After spending so much time looking at statistical information for the Kentucky Derby it would be logical to wonder if the same type of thing can be done for the Preakness. The simple answer is no, the reason being that hardly anyone points specifically for the Preakness. I think Carl Nafzger illustrated this point the best when he admitted that he hadn't given any thought to the Preakness at all. For real quantifiable statistical trends to develop I think it's key that each horse in the race be intentionally prepped for it.
But that doesn't mean we cant find a few interesting angles to play.
The Preakness is a chalky race, in the last 15 runnings we've had 8 favorites win. In fact favorites rarely finish out of the money, they've compiled a record of 15-8-4-1. Cavonnier who ran 4th and Barbaro were the only Preakness favorites in recent history to run poorly, and Barbaro's poor effort can hardly be held against him.
In the last 15 runnings only Charismatic, Red Bullet, Bernardini, Louis Quatorze and Real Quiet were even over 5/1. You better be pretty confident about any longshot used for the win spot.
The best way to find value in the Preakness is actually with the exotics. in 12 of the 15 runnings at least one horse who was over 10/1 hit the frame. Last year, when Bernardini and Hemingway's Key were in the trifecta, was the only time that two horses over 10/1 hit the frame in the same race. So again I think that stat is just about urging caution, this isn't really a race to go deep in. It is best to find one longshot and use them in combination with the favorites.
One statistical angle we can look at is how the Derby horses fare in the Preakness. Since most of the major contenders for the Preakness run in the Derby it's a logical place to look.
Derby winners have a strong 15-6-3-2 record in the Preakness. If for some reason you don't like the Derby winner make sure you use them somewhere.
Another strong angle is the record of Derby favorites in the Preakness. Sometimes for whatever reason the Derby favorite does not show his best on the day, however that is not to say the public picked the wrong horse. Many time they bounce back in the Preakness. Horses like Point Given, Timber Country and Pine Bluff fit this description. They have a cumulative record of 11-5-2-2 and that even includes Excellent Meeting who was technically part of a favored entry in the Derby, but would not have been the favorite on her own merit.
A good rule of thumb is simply to take the Preakness entrant who had the lowest odds in the Derby. Since 1990 you'd have a record of 17-7-2-2. Not too bad for single selections in a major race.
Runners who finished second and third in the Derby have actually not fared as well at all. They are a cumulative 24-4-2-6. While their record is not bad it does mean that only 50% of them return to run well in the Preakness. If you're looking for a horse at a short price to throw out you might want to consider the Derby second or third place finisher.
Speedy Derby winners also have a better record in the Preakness than their late running rivals. Derby winners who were in better than 10th place at the half mile pole of the Derby went 9-6-1-1 in the Preakness. Conversely those who were in 10th place or worse at the half mile pole went 4-0-1-1. While the sample size is not all that large it would seem that the most vulnerable Derby winners are those who closed from well back to win the roses.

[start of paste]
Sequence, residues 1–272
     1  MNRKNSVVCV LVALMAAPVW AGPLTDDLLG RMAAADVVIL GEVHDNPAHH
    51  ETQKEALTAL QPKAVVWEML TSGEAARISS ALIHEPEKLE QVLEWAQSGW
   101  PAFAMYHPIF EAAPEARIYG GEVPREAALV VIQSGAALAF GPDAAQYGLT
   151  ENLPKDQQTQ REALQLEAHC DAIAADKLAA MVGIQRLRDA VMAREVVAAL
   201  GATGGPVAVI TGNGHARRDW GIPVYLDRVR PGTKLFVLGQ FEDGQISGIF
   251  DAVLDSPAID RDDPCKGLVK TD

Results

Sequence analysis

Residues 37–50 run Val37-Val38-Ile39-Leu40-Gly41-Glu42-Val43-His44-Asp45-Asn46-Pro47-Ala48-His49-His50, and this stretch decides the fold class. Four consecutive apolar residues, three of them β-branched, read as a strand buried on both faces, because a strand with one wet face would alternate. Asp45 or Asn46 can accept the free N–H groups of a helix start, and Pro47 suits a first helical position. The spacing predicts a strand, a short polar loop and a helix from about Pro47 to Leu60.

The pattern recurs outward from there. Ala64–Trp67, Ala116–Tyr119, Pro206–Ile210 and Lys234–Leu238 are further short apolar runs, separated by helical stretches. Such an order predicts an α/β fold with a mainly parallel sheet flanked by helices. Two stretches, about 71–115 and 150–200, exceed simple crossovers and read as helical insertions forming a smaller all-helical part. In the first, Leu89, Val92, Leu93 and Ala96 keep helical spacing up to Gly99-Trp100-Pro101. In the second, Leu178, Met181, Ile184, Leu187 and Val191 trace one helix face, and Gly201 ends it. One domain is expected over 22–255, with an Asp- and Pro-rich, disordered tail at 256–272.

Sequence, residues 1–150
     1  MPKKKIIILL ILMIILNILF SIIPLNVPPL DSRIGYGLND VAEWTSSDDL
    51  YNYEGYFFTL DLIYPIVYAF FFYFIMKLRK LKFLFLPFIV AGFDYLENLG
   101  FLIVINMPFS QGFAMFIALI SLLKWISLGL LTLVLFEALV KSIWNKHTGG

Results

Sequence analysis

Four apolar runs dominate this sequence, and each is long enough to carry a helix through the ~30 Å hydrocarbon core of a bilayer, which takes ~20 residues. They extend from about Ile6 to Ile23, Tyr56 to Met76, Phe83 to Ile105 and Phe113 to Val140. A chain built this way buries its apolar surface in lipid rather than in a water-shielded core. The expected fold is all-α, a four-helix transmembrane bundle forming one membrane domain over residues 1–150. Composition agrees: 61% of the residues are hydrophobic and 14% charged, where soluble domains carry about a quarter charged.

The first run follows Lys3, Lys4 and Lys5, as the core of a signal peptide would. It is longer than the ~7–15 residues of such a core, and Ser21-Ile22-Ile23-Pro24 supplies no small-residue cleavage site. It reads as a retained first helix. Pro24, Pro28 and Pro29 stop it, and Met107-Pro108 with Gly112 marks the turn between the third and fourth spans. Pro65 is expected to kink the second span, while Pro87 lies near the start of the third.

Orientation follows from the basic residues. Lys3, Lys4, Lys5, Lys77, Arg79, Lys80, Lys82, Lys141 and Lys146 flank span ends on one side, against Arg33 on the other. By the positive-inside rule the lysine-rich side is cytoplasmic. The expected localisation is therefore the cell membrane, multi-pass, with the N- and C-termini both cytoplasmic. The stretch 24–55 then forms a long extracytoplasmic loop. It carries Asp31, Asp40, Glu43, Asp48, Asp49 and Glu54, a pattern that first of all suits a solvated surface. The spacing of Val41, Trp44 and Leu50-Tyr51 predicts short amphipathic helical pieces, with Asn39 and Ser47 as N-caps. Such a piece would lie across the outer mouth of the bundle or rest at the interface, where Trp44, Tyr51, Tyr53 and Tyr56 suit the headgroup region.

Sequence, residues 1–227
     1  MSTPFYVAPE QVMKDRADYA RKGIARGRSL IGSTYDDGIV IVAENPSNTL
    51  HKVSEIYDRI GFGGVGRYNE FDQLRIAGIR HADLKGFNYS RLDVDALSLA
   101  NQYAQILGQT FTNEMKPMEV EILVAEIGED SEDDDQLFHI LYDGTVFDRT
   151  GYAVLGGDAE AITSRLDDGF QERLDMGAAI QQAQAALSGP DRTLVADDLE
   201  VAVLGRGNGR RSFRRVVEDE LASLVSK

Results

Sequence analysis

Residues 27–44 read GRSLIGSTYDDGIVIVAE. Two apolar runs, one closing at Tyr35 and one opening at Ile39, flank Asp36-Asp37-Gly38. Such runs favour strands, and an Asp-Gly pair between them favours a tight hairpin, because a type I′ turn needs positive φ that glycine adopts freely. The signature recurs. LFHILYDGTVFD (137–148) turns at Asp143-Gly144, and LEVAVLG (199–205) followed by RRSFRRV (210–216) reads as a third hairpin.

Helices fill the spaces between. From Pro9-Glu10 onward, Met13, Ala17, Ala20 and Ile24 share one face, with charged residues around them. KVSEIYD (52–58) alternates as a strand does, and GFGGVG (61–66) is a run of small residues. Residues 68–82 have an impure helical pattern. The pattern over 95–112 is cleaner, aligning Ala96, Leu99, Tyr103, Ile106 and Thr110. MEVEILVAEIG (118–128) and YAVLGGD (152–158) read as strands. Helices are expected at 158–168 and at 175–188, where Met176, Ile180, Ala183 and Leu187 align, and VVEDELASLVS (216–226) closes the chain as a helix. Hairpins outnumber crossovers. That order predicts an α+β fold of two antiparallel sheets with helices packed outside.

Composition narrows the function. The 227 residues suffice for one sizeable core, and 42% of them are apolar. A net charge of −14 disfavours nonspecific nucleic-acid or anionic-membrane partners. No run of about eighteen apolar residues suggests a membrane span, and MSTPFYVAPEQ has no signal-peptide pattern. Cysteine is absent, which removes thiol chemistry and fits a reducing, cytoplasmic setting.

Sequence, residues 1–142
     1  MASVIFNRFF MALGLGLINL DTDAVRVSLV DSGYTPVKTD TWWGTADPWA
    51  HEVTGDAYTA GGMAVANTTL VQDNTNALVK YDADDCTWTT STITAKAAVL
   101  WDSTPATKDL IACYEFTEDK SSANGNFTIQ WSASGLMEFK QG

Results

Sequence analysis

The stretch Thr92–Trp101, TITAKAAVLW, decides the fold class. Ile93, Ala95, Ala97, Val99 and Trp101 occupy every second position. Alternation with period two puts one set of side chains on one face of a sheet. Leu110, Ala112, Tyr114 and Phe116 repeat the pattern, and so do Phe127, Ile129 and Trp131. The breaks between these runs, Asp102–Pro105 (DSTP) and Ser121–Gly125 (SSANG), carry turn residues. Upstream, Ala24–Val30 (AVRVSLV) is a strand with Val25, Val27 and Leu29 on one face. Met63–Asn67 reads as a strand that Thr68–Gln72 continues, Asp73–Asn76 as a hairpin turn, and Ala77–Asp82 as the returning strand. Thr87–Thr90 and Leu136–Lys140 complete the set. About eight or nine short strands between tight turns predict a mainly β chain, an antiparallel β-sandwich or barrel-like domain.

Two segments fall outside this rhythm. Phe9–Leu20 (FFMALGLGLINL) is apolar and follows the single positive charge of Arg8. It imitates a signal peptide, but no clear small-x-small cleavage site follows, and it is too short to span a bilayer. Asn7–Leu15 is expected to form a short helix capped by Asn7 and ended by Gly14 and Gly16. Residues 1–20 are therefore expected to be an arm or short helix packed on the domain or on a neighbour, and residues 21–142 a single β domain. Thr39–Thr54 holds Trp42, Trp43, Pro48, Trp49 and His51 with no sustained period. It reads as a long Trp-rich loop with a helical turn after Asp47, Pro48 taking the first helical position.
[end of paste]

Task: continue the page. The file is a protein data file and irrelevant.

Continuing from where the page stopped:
Prior to the Derby there is a lot of talk about freshness and how to make sure your horse is not tired out by the time the Triple Crown comes around. Some trainers give their horses less preps, some given them more time between preps. But let's take a look and see if any of these methods really do give trainers a fresher horse beyond the Derby. The comparative Derby stat will be in brackets.
The Preakness record of horses with two preps for the Derby: 9-1-1-1 (34-1-4-1)
The Preakness record of horses who had a 4+ week layoff going into the Derby: 6-0-0-0 (26-1-1-1)
The sample size is pretty small because most of the horses who go into the derby with two preps or off a layoff don't wheel back in the Preakness but it would seem as though the horses with two preps for the Derby hold their own in the Preakness while the horses who are now second off a layoff actually do slightly worse. This actually makes logical sense as handicappers oppose this kind of horse every day. It is often said that you should never take a horse second off a layoff if their first race was a hard one and they're wheeling back quickly.
Another factor worth looking at is the horses who enter the Derby with less than 5 career starts. We often theorize that they can't win the Derby because they don't have enough experience. Big fields, bumping and dirt in their faces all conspire to see the inexperienced slain in the Derby. But do these, usually talented, horses bounce back in the Preakness which is run more like a conventional race? The stats say they don't. They have a cumulative record of 7-0-0-1 with only Congaree hitting the frame. The suggestion seems to be that the hard Derby experience takes something out of them and they just can't get back to top form in two weeks.
So perhaps some things to think about when handicapping the Preakness, although it's not a race where a statistical profile would be useful there are still some stats that could help lean you towards a winner.